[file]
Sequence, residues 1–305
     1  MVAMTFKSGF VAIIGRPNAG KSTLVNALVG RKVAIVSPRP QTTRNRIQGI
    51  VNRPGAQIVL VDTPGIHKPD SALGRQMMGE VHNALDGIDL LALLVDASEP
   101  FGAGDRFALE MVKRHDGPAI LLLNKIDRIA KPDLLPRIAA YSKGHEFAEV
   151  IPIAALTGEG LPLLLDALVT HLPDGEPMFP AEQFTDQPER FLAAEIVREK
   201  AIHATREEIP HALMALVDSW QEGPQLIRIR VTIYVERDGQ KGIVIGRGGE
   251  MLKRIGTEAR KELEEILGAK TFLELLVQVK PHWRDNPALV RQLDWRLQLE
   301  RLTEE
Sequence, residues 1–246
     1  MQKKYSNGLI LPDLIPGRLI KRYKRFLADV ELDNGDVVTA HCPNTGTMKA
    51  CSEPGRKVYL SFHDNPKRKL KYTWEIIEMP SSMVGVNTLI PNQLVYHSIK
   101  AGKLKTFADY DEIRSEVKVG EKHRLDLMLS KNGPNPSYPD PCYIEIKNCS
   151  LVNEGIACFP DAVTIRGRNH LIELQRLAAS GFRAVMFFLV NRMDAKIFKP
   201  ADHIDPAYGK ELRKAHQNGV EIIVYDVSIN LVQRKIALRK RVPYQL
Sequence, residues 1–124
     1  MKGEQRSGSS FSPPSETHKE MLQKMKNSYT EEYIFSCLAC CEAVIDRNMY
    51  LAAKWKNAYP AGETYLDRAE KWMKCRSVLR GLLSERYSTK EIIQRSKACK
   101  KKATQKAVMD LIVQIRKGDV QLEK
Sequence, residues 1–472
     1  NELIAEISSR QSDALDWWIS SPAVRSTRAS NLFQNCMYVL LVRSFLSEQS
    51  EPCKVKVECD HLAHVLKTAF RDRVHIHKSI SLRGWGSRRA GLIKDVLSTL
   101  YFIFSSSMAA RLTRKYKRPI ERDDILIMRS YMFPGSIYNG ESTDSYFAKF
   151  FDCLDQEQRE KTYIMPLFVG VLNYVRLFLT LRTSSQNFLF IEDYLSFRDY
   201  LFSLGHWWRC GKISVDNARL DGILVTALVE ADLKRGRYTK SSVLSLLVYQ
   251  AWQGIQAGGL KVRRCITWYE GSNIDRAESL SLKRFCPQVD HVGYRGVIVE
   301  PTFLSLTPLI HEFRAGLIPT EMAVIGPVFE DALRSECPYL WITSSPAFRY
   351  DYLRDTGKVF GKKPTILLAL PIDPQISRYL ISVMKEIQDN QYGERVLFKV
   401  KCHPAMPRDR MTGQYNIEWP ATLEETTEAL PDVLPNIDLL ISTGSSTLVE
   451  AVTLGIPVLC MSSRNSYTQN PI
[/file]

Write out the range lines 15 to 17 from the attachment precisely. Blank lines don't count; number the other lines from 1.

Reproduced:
Sequence, residues 1–124
     1  MKGEQRSGSS FSPPSETHKE MLQKMKNSYT EEYIFSCLAC CEAVIDRNMY
    51  LAAKWKNAYP AGETYLDRAE KWMKCRSVLR GLLSERYSTK EIIQRSKACK